Adopting from Hungary

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The official flag.



The official coat of arms.

Hungarian Parliament Building, Budapest.

Voivodina Hungarians (Kupusina and Doroslovo) national costume and dance.

Collage of Budapest.

Mount Bél Stone.

Notice: As of July 14, 2014, all individuals and agencies facilitating international adoptions must be in compliance with the Intercountry Universal Accreditation Act.

The information contained on this website is for educational purposes only and is not intended to be a substitute for professional legal advice. Always seek the advice of a licensed and qualified professional. While the content of this website is frequently updated, information changes rapidly and therefore, some information may be out of date, and/or contain inaccuracies, omissions or typographical errors.

About Hungary

Hungary became a Christian kingdom in A.D. 1000 and for many centuries served as a bulwark against Ottoman Turkish expansion in Europe. The kingdom eventually became part of the polyglot Austro-Hungarian Empire, which collapsed during World War I. To learn more please read About Hungary.

Hague Convention Information

Hungary is party to the Hague Convention on Protection of Children and Co-operation in Respect of Intercountry Adoption (Hague Adoption Convention). To learn more please read about Hungary and the Hague Convention.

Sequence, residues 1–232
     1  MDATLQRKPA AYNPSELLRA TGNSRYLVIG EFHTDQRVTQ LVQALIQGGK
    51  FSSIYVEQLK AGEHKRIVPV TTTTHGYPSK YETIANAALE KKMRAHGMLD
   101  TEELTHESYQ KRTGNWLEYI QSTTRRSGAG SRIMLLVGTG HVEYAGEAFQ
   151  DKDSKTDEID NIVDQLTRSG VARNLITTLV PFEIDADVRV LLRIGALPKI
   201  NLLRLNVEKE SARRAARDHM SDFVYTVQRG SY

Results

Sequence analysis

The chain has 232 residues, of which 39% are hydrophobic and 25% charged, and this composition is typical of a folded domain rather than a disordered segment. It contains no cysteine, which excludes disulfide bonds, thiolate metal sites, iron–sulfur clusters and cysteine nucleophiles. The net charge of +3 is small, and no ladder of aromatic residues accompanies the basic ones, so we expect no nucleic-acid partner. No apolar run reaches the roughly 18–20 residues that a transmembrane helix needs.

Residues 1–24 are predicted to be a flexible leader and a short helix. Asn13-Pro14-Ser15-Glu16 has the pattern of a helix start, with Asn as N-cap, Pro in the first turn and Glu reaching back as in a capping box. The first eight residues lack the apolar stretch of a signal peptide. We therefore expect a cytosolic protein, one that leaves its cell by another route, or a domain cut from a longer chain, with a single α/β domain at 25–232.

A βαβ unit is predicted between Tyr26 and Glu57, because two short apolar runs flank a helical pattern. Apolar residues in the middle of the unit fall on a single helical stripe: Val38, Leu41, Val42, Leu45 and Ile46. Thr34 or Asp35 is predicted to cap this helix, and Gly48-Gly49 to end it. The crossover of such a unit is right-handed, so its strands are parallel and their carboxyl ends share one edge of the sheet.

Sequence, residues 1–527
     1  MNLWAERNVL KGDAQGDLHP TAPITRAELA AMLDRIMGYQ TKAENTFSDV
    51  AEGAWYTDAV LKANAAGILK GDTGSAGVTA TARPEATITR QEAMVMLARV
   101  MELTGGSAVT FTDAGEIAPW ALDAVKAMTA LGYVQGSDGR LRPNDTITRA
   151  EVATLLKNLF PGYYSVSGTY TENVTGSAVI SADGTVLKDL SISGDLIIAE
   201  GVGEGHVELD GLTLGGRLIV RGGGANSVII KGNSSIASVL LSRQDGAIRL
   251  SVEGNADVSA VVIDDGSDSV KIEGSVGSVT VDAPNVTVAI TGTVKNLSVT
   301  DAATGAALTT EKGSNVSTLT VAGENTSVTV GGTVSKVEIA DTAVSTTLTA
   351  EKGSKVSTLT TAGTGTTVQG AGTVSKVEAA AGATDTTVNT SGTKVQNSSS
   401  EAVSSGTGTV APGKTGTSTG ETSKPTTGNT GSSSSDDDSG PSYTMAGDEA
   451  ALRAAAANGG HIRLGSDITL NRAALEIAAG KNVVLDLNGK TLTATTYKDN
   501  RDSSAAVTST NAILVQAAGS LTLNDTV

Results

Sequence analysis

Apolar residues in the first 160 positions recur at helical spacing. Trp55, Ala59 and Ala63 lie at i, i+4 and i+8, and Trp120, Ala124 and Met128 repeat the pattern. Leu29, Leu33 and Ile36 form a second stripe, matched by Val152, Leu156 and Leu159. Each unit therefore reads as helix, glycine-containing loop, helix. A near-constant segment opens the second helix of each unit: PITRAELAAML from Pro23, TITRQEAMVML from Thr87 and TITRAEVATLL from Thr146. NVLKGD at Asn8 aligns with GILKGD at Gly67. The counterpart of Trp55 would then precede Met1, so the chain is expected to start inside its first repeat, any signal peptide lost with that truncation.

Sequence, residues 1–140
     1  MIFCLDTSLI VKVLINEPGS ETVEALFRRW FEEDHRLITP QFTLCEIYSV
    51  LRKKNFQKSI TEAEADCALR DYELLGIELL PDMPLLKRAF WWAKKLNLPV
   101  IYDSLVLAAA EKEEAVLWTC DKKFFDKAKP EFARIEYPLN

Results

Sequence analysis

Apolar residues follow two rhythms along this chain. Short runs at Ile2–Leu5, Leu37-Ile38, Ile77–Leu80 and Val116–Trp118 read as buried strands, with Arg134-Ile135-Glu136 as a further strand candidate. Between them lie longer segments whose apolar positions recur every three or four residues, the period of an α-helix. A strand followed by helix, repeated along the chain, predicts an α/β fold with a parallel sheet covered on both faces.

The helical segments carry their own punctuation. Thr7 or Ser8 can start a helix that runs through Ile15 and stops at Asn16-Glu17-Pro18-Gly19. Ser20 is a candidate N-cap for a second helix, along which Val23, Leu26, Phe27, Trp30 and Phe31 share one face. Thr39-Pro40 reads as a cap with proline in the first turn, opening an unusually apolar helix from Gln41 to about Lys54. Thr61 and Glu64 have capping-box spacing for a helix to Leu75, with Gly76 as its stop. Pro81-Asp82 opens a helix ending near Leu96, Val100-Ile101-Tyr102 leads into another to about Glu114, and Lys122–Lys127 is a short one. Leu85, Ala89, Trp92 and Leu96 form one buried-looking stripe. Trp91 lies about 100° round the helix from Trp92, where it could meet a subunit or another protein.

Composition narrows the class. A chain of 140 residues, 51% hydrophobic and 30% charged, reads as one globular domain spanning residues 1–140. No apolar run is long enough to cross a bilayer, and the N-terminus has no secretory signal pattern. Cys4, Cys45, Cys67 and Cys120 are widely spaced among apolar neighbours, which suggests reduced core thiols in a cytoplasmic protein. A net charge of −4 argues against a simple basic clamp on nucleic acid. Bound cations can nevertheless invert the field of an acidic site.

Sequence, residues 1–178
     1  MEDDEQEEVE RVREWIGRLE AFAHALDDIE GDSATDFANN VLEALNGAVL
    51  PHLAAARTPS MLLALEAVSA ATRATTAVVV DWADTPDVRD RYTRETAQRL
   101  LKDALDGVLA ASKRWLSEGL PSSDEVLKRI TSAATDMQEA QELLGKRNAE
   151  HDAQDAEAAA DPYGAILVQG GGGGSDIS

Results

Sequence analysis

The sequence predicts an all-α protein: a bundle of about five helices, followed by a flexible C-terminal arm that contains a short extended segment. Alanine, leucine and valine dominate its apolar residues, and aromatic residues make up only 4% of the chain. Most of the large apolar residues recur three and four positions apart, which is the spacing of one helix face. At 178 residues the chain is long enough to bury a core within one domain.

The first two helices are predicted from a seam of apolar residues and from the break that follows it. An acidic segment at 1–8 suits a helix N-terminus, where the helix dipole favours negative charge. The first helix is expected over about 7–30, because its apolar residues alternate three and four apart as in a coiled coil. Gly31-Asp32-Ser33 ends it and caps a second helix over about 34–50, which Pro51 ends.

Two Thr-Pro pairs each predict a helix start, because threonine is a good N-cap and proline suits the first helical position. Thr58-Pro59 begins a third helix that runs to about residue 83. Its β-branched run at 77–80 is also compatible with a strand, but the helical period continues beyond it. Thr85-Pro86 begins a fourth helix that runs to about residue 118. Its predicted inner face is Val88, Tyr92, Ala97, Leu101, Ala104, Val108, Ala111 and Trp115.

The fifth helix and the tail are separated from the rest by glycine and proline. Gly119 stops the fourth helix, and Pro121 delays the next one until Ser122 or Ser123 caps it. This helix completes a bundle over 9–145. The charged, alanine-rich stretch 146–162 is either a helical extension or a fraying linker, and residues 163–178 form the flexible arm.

Who Can Adopt

In addition to the U.S. requirements, prospective adoptive parents need to meet Hungary’s requirements to adopt a child from Hungary. To learn more please read Who Can Adopt from Hungary.

Who Can Be Adopted

Because Hungary is party to the Hague Adoption Convention, children from Hungary must meet the requirements of the Convention to be eligible for adoption. To learn more please read about Who Can Be Adopted from Hungary.

How to Adopt

WARNING: Hungary is party to the Hague Adoption Convention. Do not adopt or obtain legal custody of a child in Hungary before a U.S. consular officer issues an “Article 5 Letter” in the case. Read on for more information.

Adoption Authority

Hungarian Adoption Authority

Ministry of Human Resources, Department of Protection and Guardianship of Children (Emberi Erőforrások Minisztériuma, Gyermekvédelmi és Gyámügyi Föosztály). 1054 Budapest Akadémia u. 3. Tel: 011-36-1-795-3153 Internet: Hungarian Adoption Authority

The Process

Because Hungary is party to the Hague Adoption Convention, adopting from Hungary must follow a specific process designed to meet the Convention’s requirements. A brief summary of the Convention adoption process is given below. You must complete these steps in the following order so that your adoption meets all necessary legal requirements. Adoptions completed out of order may result in the child not being eligible for an immigrant visa to the United States.

  1. Choose a U.S. accredited or approved adoption service provider
  2. Apply to USCIS to be found eligible to adopt
  3. Be matched with a child by authorities in Hungary
  4. Apply to USCIS for the child to be found eligible for immigration to the United States and receive U.S. agreement to proceed with the adoption